Second related note, are countries allowed to keep military operations, technologies, and conversations a secret for the safety of their citizens (and foreign citizens), so they can maintain a certain leverage over a possible future enemy?

(Where this conversation started: CLICK HERE & HERE & HERE & HERE & HERE & HERE.)
edit on 10-12-2010 by Section31 because: (no reason given)



posted on Dec, 10 2010 @ 08:25 PM
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In an age where the MSM controls your consciousness, the internet is needed. It is the last voice of the people, it is our freedom and we have been lucky enough to live in a country that allowed for unrestricted internet access.

Until recently that is.

Wikileaks has pushed the idea of net neutrality to the forefront of free speech at least here in America. In many other countries, net neutrality has already been decided upon.

Here is the US, Homeland Security recently seized several torrent sites and shut down their sites "for copywrite infringement." These were sites that actively distributed the WL files. I noticed today that ThePirateBay is down. Coincidence? Maybe.

What is great about Anonymous is that they are doing the exact same thing, only in reverse. They are protecting the voice of the internet consumers and contributors. This is in stark contrast to the corporations Anonymous is attacking (nonviolently I might add) who have decided that they should work with the governments to limit our access to information.

We are in the information age and information is all we have. Once our access to information is restricted by legislation, we will have a voice no longer.

It is time to think about where you stand on the topic. Every keystroke and telephone call is already monitored by the NSA here in the US. Do you want you your websites approved by the government too?

Bravo, Anonymous. Bravo.



posted on Dec, 10 2010 @ 08:25 PM
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reply to post by Section31
 


that's a hard question. if the planet was a safe place, then of course, it should all be laid on the table right now. but it isn't a safe place, and this lack of safety is what allows all this craziness to continue.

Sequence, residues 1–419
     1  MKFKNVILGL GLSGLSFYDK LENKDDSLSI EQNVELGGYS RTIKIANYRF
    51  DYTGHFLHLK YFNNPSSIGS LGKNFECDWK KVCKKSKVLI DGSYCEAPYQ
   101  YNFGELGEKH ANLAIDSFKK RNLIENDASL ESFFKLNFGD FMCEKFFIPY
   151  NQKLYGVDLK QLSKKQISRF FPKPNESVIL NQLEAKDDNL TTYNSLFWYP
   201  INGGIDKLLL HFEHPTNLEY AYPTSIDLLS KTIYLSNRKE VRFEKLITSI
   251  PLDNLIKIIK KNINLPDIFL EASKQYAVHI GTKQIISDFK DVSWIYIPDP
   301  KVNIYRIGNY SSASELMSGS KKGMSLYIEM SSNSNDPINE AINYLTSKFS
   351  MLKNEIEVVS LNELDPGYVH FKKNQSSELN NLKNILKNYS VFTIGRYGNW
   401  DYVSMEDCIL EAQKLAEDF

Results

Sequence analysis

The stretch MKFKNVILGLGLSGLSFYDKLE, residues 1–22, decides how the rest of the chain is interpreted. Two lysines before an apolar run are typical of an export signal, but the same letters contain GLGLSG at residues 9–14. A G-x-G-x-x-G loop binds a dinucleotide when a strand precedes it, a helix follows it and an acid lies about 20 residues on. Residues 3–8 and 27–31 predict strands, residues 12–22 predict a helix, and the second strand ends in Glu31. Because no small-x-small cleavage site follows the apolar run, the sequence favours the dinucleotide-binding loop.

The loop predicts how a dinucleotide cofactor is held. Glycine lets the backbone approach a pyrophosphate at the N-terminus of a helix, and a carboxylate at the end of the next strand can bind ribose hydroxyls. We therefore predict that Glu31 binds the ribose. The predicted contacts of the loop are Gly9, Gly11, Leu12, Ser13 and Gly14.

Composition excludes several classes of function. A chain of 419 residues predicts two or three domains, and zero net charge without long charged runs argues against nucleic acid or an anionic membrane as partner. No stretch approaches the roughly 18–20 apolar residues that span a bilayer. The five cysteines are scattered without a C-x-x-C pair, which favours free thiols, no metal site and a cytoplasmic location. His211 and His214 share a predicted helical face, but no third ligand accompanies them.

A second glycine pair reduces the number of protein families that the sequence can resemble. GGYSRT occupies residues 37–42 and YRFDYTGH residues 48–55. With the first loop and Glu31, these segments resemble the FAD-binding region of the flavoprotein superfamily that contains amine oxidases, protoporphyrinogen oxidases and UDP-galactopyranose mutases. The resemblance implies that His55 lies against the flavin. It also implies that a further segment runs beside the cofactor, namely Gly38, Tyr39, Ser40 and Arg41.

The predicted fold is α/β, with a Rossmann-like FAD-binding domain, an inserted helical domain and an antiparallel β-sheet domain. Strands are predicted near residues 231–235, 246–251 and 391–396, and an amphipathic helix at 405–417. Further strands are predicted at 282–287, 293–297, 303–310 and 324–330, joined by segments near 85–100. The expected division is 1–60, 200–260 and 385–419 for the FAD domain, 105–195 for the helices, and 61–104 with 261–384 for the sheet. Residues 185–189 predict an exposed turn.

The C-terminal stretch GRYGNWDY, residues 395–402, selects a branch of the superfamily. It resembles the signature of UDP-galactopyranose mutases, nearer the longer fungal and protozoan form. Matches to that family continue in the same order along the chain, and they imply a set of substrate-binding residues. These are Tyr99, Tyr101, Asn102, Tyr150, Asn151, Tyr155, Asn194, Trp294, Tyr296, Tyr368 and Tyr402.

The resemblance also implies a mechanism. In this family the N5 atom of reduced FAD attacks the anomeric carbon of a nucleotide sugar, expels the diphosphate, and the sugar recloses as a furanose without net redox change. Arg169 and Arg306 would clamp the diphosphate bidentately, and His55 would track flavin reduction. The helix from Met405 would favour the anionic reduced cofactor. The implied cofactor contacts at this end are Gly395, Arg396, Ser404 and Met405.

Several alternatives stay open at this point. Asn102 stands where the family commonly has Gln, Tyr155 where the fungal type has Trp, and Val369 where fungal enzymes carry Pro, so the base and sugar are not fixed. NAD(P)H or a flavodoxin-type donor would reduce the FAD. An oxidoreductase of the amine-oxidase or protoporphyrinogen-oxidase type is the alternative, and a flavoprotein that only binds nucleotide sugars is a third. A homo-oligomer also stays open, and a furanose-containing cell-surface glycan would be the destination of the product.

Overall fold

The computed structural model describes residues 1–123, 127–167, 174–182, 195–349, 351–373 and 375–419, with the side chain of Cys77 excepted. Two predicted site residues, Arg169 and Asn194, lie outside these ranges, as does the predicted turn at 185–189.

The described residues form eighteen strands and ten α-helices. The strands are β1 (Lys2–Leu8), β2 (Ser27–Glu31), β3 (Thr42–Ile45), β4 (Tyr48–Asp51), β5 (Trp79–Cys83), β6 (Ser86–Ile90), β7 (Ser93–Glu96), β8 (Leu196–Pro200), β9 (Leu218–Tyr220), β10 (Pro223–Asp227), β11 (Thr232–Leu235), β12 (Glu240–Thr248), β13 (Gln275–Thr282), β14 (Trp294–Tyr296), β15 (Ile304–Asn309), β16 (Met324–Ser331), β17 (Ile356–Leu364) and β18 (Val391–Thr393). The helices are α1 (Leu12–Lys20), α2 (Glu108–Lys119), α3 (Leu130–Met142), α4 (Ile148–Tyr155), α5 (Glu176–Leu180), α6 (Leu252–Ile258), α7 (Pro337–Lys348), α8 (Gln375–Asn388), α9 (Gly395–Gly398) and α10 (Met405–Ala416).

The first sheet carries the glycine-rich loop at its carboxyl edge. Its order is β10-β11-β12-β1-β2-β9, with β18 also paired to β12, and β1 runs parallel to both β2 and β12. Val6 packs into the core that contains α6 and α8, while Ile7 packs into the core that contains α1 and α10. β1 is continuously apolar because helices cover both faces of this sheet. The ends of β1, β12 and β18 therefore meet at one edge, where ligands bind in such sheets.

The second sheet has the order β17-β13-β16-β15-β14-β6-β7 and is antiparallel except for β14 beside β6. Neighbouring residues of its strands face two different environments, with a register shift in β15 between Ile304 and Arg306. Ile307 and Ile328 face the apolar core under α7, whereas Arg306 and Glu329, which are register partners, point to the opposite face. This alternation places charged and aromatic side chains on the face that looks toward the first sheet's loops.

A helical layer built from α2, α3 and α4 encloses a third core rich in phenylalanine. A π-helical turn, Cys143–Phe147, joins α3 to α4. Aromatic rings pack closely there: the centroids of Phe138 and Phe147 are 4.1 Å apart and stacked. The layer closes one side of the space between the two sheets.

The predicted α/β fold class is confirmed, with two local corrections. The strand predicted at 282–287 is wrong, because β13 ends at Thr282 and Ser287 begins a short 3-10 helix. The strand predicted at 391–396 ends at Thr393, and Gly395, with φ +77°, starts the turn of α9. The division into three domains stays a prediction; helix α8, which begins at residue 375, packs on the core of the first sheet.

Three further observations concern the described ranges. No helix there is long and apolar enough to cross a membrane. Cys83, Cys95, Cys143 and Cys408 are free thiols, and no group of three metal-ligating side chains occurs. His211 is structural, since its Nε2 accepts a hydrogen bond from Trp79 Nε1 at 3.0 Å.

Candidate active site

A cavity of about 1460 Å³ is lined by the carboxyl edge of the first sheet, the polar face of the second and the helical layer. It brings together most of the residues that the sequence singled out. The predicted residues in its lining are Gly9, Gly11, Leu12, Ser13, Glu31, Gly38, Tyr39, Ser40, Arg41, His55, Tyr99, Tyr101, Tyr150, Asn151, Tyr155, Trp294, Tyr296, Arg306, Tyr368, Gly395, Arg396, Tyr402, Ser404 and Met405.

posted on Dec, 10 2010 @ 08:32 PM
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reply to post by coloredrug
 


that goes for them as well, though. they can't be censoring what other people read, where they surf, how they transact their business, when they transact their business, etc, and claim high moral ground at the same time. it's not high moral ground if you're curbing someone else's freedoms to do so. they need to find a better application for their desire to encourage freedom of speech and etc. right now, it's making them look like the bad guys to people who are just trying to survive and go about their necessities in life.

dropping the word "corporation" at every juncture, is starting to get a bit obnoxious. businesses exist. so? what's wrong with that? the difference between kkk (freedom) and data meant to harm the government is a no brainer. one is not illegal, and the other is illegal.



posted on Dec, 10 2010 @ 08:32 PM
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Originally posted by undo
reply to post by Section31
 

that's a hard question. if the planet was a safe place, then of course, it should all be laid on the table right now. but it isn't a safe place, and this lack of safety is what allows all this craziness to continue.

I agree. Exactly.


So, what does this say about what Assange and Anonymous have done?

See the conundrum? In order for Assange and Anonymous to do what they do, United States government and its citizens have to compromise their freedoms and national security. Get it?

(Where this conversation started:
CLICK HERE & HERE & HERE & HERE & HERE & HERE & HERE.)
edit on 10-12-2010 by Section31 because: (no reason given)



posted on Dec, 10 2010 @ 08:32 PM
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reply to post by gringoboy
 


You seem to be operating from a place of fear by saying what " will happen if too much info gets out?". That we could see the rise of another 3rd Reich or something of that nature. That to me is like saying if I leave the house today I may get hit by a car. It's true you might, but the risk of that possibility certainly out weighs the alternative of being house bound possibly for the rest of your life.

In my opinion the NWO v the governments of the world is a fantasy. Governments are the global order and they will act globally or locally based on one motivation. Their own self interests and survival. This idea that we should allow our governments to do as they please behind closed doors, as to not to disrupt the status que is the kind of attitude they depend on, better the devil you know than the devil you don't.